Charity Porotesano


As an inaugeral participant in the Pacific Young Leaders on Disarmament Program, I had the opportunity to represent American Samoa – — an unincorporated territory of the United States – alongside other young leaders from Papua New Guinea and the Solomon Islands.

Originally, I applied to the program because I wanted to learn more about security issues that concern the Pacific Islands. I also wanted to project these concerns to a wider audience through my own writings.

As part of the program, I had the opportunity to publish two articles on disarmament issues. The first was a thought piece that argued for the continued relevance of the United Nations on Conference on Disarmament (CD). The second was a policy brief that recommended a set of policy efforts that could strengthen the participation of Pacific Island Countries in the CD. Both were ultimately published and distributed by the Federation of American Scientists and the School of Foreign Service at Georgetown University.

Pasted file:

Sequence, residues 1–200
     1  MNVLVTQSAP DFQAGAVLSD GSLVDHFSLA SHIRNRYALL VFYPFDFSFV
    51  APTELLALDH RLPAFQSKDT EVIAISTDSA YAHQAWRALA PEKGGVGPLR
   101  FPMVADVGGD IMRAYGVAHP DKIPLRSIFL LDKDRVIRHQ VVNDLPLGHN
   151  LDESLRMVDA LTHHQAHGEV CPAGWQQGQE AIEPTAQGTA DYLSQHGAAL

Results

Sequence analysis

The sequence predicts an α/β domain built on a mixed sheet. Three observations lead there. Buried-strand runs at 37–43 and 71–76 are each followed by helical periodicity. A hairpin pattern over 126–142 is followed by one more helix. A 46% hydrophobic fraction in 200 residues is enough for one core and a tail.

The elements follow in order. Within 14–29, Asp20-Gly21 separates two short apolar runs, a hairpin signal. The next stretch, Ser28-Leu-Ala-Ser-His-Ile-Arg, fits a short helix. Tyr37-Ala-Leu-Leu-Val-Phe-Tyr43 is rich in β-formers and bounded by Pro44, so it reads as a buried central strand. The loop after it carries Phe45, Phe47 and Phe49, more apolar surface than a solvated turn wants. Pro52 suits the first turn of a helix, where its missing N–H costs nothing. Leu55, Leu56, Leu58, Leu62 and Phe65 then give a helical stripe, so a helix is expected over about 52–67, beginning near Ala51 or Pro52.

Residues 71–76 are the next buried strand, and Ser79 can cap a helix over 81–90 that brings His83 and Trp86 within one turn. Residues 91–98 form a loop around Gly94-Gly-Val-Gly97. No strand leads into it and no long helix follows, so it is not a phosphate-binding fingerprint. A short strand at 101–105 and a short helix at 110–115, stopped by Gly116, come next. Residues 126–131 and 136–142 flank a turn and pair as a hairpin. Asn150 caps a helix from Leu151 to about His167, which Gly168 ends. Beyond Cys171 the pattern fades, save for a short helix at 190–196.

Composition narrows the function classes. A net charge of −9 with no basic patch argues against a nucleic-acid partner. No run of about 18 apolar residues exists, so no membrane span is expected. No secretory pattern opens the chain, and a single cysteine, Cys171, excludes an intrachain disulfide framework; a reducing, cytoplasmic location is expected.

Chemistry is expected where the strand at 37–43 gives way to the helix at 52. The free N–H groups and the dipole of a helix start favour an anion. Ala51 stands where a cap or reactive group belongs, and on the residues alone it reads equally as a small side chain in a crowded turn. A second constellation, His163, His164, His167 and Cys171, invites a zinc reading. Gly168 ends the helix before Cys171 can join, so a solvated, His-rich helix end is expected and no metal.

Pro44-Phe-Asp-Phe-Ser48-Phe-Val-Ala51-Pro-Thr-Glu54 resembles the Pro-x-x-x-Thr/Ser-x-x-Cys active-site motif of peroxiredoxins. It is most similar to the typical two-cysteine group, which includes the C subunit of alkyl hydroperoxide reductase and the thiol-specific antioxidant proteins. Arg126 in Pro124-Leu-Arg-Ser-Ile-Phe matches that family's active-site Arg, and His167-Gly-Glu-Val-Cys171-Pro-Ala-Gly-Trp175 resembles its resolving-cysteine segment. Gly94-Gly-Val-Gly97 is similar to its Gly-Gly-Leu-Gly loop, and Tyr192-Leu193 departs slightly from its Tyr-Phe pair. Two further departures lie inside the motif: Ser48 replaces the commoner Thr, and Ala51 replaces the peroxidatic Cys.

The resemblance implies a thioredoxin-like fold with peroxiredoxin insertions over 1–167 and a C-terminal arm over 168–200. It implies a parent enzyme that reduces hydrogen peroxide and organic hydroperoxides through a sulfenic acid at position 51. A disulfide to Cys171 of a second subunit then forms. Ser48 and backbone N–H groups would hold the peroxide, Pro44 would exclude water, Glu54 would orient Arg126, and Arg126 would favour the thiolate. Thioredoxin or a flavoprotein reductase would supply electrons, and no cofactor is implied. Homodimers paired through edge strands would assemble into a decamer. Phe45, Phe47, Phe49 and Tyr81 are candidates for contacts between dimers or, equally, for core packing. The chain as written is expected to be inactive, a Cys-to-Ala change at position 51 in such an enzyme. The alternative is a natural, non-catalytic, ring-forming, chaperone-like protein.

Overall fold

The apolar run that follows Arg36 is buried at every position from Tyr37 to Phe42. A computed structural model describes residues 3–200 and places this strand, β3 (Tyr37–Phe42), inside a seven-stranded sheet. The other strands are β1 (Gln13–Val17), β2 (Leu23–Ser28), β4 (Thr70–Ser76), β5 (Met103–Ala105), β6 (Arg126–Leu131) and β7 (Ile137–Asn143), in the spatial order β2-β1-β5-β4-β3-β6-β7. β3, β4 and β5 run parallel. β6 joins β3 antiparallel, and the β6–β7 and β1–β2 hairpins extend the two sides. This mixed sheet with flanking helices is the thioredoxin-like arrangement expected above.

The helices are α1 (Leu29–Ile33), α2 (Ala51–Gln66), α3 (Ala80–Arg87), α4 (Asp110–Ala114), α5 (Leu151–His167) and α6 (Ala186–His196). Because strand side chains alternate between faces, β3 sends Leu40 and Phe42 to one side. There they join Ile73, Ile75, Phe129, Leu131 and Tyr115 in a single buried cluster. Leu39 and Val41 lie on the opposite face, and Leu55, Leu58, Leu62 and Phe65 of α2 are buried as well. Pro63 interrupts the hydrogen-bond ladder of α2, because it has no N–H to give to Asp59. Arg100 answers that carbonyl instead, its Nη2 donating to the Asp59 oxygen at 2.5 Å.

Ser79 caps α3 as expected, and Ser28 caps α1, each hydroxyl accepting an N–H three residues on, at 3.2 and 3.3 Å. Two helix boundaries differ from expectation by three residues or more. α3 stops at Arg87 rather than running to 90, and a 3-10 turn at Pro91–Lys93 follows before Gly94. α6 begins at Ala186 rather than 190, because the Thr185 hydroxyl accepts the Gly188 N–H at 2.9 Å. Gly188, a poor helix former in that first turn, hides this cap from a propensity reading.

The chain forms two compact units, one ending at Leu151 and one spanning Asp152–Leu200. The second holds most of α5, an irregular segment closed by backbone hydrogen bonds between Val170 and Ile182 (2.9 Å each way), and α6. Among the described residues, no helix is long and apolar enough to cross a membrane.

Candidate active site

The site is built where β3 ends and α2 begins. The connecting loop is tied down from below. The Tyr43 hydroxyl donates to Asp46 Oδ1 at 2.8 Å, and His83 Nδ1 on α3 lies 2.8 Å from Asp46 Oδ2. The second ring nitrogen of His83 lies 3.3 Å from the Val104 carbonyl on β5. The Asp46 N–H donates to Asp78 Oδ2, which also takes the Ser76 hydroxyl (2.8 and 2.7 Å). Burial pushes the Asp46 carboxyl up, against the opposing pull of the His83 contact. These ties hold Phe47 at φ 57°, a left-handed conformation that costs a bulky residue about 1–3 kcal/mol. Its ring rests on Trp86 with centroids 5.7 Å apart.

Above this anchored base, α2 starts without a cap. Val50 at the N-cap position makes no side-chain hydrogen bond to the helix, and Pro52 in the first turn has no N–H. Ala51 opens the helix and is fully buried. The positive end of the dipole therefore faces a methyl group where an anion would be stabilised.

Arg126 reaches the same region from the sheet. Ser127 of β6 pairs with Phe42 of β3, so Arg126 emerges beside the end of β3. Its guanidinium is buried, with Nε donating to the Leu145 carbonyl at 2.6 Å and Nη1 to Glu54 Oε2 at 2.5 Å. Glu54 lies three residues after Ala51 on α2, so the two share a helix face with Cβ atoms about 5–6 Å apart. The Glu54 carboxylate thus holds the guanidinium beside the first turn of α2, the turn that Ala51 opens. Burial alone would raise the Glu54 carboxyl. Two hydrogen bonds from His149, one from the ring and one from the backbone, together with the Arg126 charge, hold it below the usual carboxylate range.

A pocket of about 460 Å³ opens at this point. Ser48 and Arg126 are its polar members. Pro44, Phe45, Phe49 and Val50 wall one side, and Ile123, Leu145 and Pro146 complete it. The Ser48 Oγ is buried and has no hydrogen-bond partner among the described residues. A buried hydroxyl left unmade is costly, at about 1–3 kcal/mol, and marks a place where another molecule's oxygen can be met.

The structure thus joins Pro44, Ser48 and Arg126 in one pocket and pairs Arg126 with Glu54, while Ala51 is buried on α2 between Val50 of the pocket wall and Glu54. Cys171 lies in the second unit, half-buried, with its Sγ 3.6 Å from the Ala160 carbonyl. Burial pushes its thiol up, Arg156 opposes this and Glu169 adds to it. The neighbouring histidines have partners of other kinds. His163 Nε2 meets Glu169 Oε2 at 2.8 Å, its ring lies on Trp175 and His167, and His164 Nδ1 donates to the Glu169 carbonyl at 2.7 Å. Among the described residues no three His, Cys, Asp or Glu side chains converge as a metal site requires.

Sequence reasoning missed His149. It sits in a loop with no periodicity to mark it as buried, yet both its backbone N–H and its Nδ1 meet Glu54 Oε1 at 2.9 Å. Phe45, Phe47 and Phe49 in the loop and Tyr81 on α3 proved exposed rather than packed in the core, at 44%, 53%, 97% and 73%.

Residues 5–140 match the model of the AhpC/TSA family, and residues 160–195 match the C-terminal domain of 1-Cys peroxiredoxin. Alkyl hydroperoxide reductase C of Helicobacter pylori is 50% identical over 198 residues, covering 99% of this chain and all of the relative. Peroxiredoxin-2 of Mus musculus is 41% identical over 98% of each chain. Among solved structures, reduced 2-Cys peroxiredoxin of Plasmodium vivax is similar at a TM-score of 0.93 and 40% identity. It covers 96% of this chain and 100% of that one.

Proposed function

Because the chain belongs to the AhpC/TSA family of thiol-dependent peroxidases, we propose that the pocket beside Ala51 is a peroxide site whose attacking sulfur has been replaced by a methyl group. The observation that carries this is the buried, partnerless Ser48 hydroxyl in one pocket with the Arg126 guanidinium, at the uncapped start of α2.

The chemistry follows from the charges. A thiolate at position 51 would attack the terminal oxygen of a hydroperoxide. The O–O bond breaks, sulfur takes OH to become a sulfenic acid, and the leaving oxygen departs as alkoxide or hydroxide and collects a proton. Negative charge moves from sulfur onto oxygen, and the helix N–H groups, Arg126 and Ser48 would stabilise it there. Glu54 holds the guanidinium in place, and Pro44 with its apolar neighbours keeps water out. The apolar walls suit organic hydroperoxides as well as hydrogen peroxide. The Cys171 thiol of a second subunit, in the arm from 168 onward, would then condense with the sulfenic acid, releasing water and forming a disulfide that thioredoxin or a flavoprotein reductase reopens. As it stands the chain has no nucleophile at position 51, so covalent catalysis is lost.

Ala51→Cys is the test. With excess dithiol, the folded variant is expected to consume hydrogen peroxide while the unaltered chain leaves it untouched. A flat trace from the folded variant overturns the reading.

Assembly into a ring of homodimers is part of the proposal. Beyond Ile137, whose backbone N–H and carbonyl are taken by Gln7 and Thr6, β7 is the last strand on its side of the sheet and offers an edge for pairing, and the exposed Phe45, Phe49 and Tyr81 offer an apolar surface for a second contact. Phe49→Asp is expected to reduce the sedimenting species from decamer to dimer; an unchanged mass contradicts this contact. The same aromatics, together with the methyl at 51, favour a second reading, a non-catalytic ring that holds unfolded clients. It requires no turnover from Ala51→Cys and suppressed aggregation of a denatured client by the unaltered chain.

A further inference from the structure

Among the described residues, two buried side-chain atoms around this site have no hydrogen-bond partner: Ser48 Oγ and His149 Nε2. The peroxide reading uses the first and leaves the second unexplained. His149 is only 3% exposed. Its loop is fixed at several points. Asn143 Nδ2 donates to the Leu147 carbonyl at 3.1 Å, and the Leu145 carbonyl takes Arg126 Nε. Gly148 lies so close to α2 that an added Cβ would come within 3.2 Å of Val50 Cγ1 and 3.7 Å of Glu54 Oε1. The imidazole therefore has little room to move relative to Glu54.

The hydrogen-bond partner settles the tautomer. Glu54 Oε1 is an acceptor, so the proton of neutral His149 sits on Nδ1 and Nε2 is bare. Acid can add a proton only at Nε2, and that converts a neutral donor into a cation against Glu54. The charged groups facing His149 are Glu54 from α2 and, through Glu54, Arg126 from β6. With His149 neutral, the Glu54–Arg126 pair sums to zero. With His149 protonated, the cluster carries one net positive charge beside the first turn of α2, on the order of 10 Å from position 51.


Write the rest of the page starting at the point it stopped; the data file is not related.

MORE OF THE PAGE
Writing is a very individualistic type of work. Nevertheless, this program taught me that writing can be very much a collaborative effort when it comes to policy advocacy.

As a Pacific Young Leader on Disarmament, I had the opportunity to interview senior diplomats and disarmament experts from New Zealand, the United Kingdom, and the United States. Their insights helped me to understand policy research and analysis from a very practical/technical perspective, which in turn helped me to write realistic articles that presented achievable policy recommendations.

At the time of my participation, I was a third grade teacher in American Samoa. As a teacher and a young person in my home of American Samoa, I simply didn’t have opportunities to learn about policy. That type of work has long been reserved for those at the departmental level – those that have worked in the government for a long time. Since American Samoa is very far from the U.S. mainland, opportunities to engage in international policy aren’t available either.

Thanks to this program, I had the opportunity to gain real-world experience on international policy. I also had the opportunity to learn from seasoned policy experts who are actual practitioners in the field. I therefore believe that we need more programs like the Pacific Young Leaders on Disarmament.

From my experience, this program keeps young college graduates engaged in international policy. And, it helps us gain the intellectual skills that we need to be better advocates for our island homes.